(WXIA) It's not that the western black rhino didn't have a chance. It did. Conservation groups including the International Union for Conservation of Nature (IUCN) say if simple actions had been taken just a few years ago, the majestic animals would still be alive.
Instead, the official announcement came this week: the western black rhino is extinct.
"The situation could have had very different results if the suggested conservation measures had been implemented," Simon Stuart, chair of the IUCN species survival commission said in a statement. "These measures must be strengthened now, specifically managing habitats in order to improve performance, preventing other rhinos from fading into extinction."
FIGHTING POACHERS | See the role of technology
The World Wildlife Foundation says high demand for rhino horn has given rise to organized poaching criminal syndicates. They used advanced technology to elude capture including night goggles, silenced weapons, and helicopters. The WWF says the problem is getting worse. In 2009, 122 rhinos were killed. That number rose to 333 in 2010. In 2012, 388 have already been killed.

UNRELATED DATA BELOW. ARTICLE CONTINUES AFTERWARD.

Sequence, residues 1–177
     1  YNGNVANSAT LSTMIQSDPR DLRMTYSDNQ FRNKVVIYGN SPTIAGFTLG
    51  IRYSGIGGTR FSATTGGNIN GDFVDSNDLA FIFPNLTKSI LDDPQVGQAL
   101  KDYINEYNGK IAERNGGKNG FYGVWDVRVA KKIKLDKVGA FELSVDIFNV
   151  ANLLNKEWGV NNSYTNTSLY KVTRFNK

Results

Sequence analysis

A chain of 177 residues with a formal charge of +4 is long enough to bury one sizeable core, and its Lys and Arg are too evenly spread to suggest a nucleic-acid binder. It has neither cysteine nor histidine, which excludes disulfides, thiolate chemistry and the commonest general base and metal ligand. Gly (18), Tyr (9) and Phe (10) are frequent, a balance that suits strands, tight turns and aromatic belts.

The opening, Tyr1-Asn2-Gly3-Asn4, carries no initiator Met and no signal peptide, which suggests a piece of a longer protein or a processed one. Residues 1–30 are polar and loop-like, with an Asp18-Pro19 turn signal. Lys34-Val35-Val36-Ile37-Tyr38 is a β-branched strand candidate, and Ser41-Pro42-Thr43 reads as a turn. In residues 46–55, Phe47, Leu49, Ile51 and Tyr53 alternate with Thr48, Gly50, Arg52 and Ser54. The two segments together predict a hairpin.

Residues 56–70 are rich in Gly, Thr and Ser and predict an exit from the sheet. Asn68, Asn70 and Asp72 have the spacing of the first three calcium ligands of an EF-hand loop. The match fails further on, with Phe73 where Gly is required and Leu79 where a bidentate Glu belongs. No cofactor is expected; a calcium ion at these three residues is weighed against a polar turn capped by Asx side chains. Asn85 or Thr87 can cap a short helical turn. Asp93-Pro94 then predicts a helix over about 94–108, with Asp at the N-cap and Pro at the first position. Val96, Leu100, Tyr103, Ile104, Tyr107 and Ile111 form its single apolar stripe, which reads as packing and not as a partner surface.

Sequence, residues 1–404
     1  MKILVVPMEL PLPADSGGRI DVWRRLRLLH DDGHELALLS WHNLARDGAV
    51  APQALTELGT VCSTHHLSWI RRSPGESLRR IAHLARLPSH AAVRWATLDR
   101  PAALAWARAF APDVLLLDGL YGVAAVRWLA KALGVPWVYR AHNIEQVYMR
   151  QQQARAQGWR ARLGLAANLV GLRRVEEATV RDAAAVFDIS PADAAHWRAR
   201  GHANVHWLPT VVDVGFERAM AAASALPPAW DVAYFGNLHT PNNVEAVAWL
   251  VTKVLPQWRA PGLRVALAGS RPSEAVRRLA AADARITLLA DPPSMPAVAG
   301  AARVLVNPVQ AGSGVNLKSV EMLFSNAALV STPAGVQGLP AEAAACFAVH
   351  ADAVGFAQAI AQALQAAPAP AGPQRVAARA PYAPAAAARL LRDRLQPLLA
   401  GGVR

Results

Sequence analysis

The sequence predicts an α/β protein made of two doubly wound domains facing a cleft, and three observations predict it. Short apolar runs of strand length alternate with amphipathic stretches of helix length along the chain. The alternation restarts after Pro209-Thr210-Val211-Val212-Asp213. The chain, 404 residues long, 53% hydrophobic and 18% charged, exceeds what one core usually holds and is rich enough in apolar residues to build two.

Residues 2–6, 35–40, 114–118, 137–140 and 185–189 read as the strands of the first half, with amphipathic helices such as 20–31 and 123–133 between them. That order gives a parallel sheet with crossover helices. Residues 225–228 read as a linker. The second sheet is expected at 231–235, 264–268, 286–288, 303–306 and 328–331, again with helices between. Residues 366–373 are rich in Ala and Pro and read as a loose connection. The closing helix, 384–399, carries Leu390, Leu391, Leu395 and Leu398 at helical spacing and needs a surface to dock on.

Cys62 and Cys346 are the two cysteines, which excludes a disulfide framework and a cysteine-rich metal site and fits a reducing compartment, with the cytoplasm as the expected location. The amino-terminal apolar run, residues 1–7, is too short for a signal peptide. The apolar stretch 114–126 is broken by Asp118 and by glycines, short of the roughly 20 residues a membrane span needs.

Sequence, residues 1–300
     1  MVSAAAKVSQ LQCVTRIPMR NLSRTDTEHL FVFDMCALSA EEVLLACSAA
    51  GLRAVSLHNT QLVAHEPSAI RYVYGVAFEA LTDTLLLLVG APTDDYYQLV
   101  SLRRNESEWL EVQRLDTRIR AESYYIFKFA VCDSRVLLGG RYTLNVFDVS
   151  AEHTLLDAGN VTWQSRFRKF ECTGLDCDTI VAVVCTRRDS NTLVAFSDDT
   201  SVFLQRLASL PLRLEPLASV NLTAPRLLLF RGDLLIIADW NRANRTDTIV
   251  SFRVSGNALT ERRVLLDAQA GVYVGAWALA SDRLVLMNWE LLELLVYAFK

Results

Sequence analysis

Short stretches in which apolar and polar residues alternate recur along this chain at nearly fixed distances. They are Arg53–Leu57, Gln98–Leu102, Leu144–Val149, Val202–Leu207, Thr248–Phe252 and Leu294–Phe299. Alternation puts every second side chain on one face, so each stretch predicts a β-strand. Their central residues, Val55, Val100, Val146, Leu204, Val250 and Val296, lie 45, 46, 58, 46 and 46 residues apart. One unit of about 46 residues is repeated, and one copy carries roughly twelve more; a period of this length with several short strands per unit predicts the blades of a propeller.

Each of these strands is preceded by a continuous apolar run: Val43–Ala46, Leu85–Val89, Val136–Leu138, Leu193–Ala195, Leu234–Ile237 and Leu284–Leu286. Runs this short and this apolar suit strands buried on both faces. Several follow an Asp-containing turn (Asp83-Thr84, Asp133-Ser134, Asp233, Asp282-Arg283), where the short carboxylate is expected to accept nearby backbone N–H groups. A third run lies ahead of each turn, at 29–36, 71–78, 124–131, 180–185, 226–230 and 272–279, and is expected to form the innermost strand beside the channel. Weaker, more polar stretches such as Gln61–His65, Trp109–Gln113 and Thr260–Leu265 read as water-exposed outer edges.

Although there's no scientific proof the rhino horn has any medicinal purpose, it's highly prized in Asian medicine. The horn is ground into powder and sold in tablets to cure everything from nosebleeds to convulsions.
Because poachers are targeting the horns, so is the technology to catch them. For the first time, the Kenya Wildlife Service has begun attaching transponders to rhinos.
Rangers herded rhinos in the Rift Valley of Africa in one direction before shooting them with a tranquilizer dart. Transponders are placed in the front horn, rear horn, neck, and tail.
Geoffrey Bundotich with the Kenya Wildlife Service said the placement is key to catching poachers, "These will help trace this animal in the future. In case of poaching, we can still trace the horn to the specific rhino."
So far this year, Kenya has lost 90 elephants and 35 rhinos to poachers.